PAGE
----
I sunk down a little deeper into my old brown leather couch and tried to clear my head. My mind had been on a loop for months desperately trying to figure out what else I could do to help my daughter, Lizzie. She was diagnosed with autism days after her second birthday, and I was sure by the time she was four years old, we would be back to our normal life…playing at the play place at the mall with our friends and eating big gluten-filled pretzels.
I wanted to numb my mind. I wanted to snap my fingers and make it all better. Lizzie’s fourth birthday was approaching fast, and she still had no ability to interact with another human. It was devastating. And worse, Thanksgiving was in a few days, and I felt thankful for nothing at the moment. My once fabulous life had turned into going from therapy to therapy and doctor’s appointment to doctor’s appointment. And when I wasn’t doing that, I was strategically preventing a meltdown or baking special diet food. This was no way to live. I let myself wallow in my misery for longer than I would like to admit.
Not long after that, one of my autism mommy friend’s daughters was diagnosed with a fatal disease. The news became even more overwhelming when her other two daughters were tested and also had the same disease. I could not even imagine the pain she was going through, and I was disgusted with myself for taking for granted the health of my own three kids.
This changed my way of thinking and allowed me to do three things that enabled me to feel gratitude even while deep in the trenches of autism. These three things are:
1. Remember someone else always has it worse. My friend’s heartbreaking situation opened my eyes to my selfishness. Realizing how much I had taken for granted enabled me to go from focusing on what I don’t have to what I do have.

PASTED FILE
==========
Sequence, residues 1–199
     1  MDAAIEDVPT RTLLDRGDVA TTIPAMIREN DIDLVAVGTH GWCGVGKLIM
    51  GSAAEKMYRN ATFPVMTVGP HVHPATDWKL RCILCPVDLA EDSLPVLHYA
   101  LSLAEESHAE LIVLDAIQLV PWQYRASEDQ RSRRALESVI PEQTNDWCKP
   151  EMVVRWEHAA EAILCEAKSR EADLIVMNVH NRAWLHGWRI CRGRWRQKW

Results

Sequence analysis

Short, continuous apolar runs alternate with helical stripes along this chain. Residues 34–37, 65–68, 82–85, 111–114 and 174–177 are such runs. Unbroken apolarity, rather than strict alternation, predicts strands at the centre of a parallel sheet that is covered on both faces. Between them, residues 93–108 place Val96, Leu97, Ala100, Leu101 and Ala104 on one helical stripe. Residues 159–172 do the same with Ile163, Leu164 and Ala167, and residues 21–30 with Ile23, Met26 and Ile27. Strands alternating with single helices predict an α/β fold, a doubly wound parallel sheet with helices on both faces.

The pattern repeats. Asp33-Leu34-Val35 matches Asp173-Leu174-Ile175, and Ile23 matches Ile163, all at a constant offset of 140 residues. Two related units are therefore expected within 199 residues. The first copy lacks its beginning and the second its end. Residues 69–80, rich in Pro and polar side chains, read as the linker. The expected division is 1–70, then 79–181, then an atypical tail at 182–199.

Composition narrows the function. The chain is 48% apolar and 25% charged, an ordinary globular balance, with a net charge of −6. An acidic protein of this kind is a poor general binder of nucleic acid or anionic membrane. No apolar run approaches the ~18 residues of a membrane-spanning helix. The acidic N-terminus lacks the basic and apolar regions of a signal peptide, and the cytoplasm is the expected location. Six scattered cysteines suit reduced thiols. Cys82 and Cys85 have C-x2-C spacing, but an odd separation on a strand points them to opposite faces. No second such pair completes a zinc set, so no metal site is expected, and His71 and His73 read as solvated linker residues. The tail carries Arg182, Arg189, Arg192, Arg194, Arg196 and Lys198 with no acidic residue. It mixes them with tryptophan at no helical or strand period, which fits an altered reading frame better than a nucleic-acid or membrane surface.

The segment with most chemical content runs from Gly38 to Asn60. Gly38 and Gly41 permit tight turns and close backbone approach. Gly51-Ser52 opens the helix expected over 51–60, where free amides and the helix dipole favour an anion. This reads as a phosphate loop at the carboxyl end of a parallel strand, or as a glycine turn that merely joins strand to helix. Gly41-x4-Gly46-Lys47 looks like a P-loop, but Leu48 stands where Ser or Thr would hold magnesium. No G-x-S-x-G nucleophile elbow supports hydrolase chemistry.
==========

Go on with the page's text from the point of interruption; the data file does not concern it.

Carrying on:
2. Focus on the positive. I had a choice. I could focus on what my daughter couldn’t do or what she could do. Focusing on what she couldn’t do had kept me from enjoying her in the moment, and she deserved better than that. She deserved to be loved and adored exactly as she was because she was an incredible little girl. The more I focused on what she could do, the more I was able to use her strengths to support her weaknesses.
3. Take advantage of any opportunity to do “normal stuff.” When I looked close enough, there were still some “normal” family activities we could do. My daughter loved to swim, so we took a few hours off from therapy every week to go to the pool. She was a sensory seeker, so we frequented bounce houses when they weren’t busy. It was easy to go overboard in thinking I needed to maximize every moment with therapy. Instead, occasionally taking my daughter out in the world to do normal activities not only taught her valuable lessons, but also helped living with autism feel less isolating. Feeling less isolated made it easier to be grateful for my life exactly as it was.